Bonnie first made herself known to Paul when he was lying on the couch in the family drawing room, gazing at the blazing fire in the fireplace one chilly autumn London night. His head was resting on his mother’s lap, and she was gently stroking him about the shoulders and cooing soft words about what a kind and loving and excellent boy he was. It was at that moment that his mother’s stomach kicked him in the back of the head. This was an unusual occurrence in and of itself, augmented by his mother’s abruptly calling out for Paul’s father and announcing, “She kicked!” Paul was puzzled by his mother’s suddenly referring to her stomach as “she,” and his bewilderment only grew as his parents sat him down and explained to him that a baby was growing in his mother’s stomach. A baby girl, his mother insisted, although his father said that they didn’t know yet, but his mother said they did—or at least she did—and that was quite enough for her.

Paul gazed in wonderment at the passenger within his mother’s stomach. He was quite distressed to discover that she (for he had taken to calling her “she” since his mother seemed so confident) was bereft of clothing and toys, and at one point he came to his mother with some outgrown baby clothes of his and a rattle that he’d found during a walk in Kensington Gardens. He proffered the treasures to his mother and urged her to swallow them so the baby could clothe herself properly and have something to play with besides. This caused great laughter in his mother and his father, and for all those cannibalistic relatives whenever the story was told and retold. Paul never understood quite why it was funny, but since he liked bringing smiles to peoples’ faces, he never let it bother him too much.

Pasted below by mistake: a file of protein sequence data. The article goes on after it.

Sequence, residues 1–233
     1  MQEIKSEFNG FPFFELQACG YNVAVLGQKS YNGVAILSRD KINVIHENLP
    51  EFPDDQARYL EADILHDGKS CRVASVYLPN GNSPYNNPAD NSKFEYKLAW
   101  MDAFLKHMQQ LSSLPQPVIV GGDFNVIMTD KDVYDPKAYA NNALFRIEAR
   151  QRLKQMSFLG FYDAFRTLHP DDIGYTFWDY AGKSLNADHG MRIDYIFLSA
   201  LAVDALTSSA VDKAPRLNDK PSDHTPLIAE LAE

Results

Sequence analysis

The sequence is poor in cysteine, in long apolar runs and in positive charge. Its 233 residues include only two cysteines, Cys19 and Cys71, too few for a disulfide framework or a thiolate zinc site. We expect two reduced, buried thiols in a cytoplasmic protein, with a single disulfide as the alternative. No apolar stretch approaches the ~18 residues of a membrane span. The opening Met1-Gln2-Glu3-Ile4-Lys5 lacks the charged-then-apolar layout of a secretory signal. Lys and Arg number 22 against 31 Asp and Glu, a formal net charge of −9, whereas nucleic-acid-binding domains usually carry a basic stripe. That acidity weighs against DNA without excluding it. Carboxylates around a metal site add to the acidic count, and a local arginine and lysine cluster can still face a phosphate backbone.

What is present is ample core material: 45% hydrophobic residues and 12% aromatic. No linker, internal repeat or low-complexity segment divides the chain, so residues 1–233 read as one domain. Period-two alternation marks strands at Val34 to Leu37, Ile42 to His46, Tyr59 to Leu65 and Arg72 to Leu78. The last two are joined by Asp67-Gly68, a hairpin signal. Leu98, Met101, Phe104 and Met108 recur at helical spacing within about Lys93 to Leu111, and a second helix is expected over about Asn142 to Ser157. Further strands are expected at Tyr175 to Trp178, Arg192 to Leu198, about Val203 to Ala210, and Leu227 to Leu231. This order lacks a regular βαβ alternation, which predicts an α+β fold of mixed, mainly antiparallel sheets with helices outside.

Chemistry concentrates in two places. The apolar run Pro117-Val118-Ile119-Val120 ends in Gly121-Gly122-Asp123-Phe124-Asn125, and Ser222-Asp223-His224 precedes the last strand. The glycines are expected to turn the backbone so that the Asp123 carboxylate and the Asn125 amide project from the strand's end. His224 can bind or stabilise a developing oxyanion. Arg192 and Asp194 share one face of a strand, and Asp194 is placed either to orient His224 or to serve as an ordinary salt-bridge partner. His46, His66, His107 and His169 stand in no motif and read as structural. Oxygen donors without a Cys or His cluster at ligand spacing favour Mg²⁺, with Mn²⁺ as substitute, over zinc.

He watched with continued fascination as his mother’s belly expanded in a manner that he never would have thought possible. As it did so, Colleen would spend inordinate amounts of time reading both to Paul and to his soon-to-be-sibling. It was not as if she had been stingy with her reading time before a baby had been placed into her stomach through mysterious means. But now she read far more often and even told Paul to join in. She said that it was wise to familiarize his little (probable) sister with the sound of his voice so she would not be completely bewildered as to who was who when she finally was removed from her place of residence by the doctor (through other equally mysterious means).